Trolley problem

The trolley problem is a thought experiment in ethics that poses a hypothetical scenario in which a person is required to make a choice between two negative outcomes. There are many variations of the trolley problem, but the classic scenario is typically something like this: a trolley is headed toward five people stuck on the track. The driver of the trolley (or an onlooker) can divert the trolley to another track. However, one person is stuck on that track. The problem asks whether the person with the ability to act should divert the trolley to the other track (saving five people but actively causing the death of one person) or do nothing (allowing the death of five people). The trolley problem is typically understood as being intended to pose the more general philosophical question of whether it’s ethical to perform an action that harms someone in order to prevent a greater number of people from being harmed. The term trolley problem is also sometimes used more generally to refer to any situation requiring a difficult ethical or moral decision. The concept of the trolley problem was introduced in the 1960s, but awareness of the term and concept became more widespread in the 2010s when it started to be used in a meme featuring a rendering of the hypothetical scenario it presents. The meme often pokes fun at the trolley problem by presenting ridiculous scenarios involving trolleys.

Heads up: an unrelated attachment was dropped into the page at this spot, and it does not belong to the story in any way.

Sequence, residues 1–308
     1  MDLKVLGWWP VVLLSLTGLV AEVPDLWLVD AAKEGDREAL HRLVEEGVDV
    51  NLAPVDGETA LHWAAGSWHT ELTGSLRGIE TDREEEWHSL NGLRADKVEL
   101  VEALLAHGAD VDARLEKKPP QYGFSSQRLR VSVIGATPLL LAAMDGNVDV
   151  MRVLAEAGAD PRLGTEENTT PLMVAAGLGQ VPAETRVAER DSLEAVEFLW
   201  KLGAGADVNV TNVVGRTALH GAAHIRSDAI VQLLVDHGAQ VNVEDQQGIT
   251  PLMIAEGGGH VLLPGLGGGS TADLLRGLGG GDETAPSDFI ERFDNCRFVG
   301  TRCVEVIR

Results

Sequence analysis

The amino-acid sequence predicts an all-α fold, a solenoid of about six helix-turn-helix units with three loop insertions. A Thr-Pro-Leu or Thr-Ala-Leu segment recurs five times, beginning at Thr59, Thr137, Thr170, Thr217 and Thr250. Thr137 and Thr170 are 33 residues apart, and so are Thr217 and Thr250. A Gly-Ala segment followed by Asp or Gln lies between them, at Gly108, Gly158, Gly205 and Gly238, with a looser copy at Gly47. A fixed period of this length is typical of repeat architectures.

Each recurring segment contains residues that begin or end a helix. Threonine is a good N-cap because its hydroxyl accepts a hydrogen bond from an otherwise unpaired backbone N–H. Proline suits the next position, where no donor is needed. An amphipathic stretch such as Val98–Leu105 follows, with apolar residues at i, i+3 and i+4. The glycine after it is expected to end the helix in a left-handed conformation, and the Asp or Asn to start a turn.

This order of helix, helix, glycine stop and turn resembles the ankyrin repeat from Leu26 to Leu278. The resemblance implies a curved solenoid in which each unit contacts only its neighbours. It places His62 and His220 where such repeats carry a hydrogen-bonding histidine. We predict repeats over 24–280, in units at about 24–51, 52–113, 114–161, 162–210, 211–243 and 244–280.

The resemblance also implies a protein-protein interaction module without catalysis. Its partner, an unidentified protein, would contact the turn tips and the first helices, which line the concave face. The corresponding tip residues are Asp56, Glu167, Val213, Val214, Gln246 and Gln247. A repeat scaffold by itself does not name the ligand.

See also: One Urinal Rule | Mormon underwear | Alex evans | Coal toll | Fyad

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